Although Rein's discovery would undoubtably change the way women experience and understand stress, it was crucial that she first broaden the definition of trauma not with the intention of catering to PSD, but to better identify the ways in which trauma presents itself in the current generation. When studying psychology from the books and diagnostic manuals written exclusively by white men, trauma was narrowly defined as a life-threatening experience. By that definition, not many people fit the bill despite showing trauma-like symptoms such as disconnections from parts of their body, emotions and self-expression. However, as the field of psychology has expanded, more voices have been joining the conversations and expanding the definition of trauma based on their lived experience. "I have broadened the definition to say that any experience that makes us feel unsafe psychically or emotionally can be traumatic," stated Rein. By redefining trauma, people across the gender spectrum are able to find validation in their experiences and begin their journey to healing these traumas not just for ourselves, but for future generations.

While PSD is not experienced by one particular gender, as women who have been one of the most historically disadvantaged and oppressed groups, we have inherited survival instructions that express themselves differently for different women. For some women, this means their nervous systems freeze when faced with something that has been historically dangerous for women such as stepping into their power, speaking out, being visible or making a lot of money. Then there are women who go into fight or flight mode. Although they are able to stand in the spotlight, they pay a high price for it when their nervous system begins to work in a constant state of hyper vigilance in order to keep them safe. These women often find themselves having trouble with anxiety, intimacy, sleeping or relaxing without a glass of wine or a pill. Because of this, adrenaline fatigue has become an epidemic among high achieving women that is resulting in heightened levels of stress and anxiety.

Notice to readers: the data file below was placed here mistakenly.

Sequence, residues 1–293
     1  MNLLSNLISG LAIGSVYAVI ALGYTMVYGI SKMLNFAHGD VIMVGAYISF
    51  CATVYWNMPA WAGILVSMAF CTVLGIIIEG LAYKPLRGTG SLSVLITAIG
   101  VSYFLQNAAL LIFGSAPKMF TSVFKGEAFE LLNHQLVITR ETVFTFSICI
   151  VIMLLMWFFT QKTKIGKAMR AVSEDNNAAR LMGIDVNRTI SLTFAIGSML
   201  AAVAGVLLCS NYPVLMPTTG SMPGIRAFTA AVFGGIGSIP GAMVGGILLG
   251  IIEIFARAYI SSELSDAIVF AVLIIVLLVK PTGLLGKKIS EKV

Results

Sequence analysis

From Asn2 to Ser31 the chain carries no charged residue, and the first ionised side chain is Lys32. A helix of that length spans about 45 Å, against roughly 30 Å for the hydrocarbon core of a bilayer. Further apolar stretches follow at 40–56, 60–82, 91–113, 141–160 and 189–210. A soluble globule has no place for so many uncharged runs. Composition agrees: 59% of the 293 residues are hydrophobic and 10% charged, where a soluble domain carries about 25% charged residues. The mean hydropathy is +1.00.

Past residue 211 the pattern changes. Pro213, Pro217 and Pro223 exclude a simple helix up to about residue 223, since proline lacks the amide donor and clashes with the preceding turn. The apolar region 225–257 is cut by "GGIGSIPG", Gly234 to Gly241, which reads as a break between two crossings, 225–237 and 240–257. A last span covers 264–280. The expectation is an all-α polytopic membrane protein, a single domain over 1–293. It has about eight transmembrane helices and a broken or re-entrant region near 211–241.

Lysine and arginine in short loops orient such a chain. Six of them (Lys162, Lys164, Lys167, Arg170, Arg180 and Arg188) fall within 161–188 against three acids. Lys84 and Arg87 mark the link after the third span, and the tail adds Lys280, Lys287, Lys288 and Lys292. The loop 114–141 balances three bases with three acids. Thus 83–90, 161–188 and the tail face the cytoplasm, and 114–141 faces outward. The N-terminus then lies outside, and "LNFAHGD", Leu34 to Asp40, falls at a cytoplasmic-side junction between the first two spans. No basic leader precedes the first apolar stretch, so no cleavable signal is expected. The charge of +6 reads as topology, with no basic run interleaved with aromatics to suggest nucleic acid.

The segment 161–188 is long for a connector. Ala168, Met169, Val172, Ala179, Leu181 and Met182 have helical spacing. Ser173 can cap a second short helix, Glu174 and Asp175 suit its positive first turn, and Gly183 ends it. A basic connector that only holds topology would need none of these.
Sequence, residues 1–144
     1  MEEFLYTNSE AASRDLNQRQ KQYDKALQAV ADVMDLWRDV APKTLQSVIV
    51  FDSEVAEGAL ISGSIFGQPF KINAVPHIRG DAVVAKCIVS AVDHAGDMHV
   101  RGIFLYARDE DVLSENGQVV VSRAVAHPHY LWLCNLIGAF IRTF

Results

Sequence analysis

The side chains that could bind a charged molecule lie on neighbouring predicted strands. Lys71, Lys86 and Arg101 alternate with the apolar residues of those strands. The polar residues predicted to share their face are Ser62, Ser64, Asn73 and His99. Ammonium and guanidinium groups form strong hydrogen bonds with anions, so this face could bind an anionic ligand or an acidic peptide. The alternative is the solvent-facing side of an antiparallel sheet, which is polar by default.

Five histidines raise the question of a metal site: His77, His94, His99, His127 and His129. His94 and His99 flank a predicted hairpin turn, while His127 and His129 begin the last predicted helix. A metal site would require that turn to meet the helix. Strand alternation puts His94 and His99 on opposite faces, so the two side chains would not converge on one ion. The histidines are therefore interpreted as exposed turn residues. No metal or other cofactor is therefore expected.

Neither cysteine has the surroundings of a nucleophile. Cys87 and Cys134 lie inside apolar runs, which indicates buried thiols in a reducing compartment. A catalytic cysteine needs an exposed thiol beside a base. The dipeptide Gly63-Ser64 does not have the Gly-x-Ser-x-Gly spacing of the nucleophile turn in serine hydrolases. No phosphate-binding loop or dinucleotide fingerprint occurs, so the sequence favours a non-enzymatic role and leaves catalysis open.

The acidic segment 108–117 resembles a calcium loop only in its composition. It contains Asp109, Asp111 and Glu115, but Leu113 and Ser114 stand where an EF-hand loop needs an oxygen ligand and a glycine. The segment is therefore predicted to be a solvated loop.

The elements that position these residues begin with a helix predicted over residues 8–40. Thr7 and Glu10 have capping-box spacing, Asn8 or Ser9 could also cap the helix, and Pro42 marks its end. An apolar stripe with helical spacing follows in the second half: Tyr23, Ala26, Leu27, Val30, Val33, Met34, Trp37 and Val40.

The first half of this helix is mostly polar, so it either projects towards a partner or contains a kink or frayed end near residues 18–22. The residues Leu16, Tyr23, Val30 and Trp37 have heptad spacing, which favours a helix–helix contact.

"For the first time, it makes sense that we are not broken or making this up, and we have gained this understanding by looking through the lens of a shared trauma. All of these things have been either forbidden or impossible for women. A woman's power has always been a punishable offense throughout history," stated Rein.

Although the idea of having a disorder may be scary to some and even potentially contribute to a victim mentality, Rein wants people to be empowered by PSD and to see it as a diagnosis meant to validate your experience by giving it a name, making it real and giving you a means to heal yourself. "There are still experiences in our lives that are triggering PSD and the more layers we heal, the more power we claim, the more resilience we have and more ability we have in staying plugged into our power and happiness. These triggers affect us less and less the more we heal," emphasized Rein. While the task of breaking intergenerational transmission of trauma seems intimidating, the author has flipped the negative approach to the healing journey from a game of survival to the game of how good can it get.

In her new book, Patriarchy Stress Disorder: The Invisible Barrier to Women's Happiness and Fulfillment, Rein details an easy system for healing that includes the necessary tools she has sourced over 20 years on her healing exploration with the pioneers of mind, body and trauma resolution. Her 5-step system serves to help "Jailbreakers" escape the inner prison of PSD and other hidden trauma through the process of Waking Up in Prison, Meeting the Prison Guards, Turning the Prison Guards into Body Guards, Digging the Tunnel to Freedom and Savoring Freedom. Readers can also find free tools on Rein's website to help aid in their healing journey and exploration.

"I think of the book coming out as the birth of a movement. Healing is not women against men– it's women, men and people across the gender spectrum, coming together in a shared understanding that we all have trauma and we can all heal."

https://www.drvalerie.com/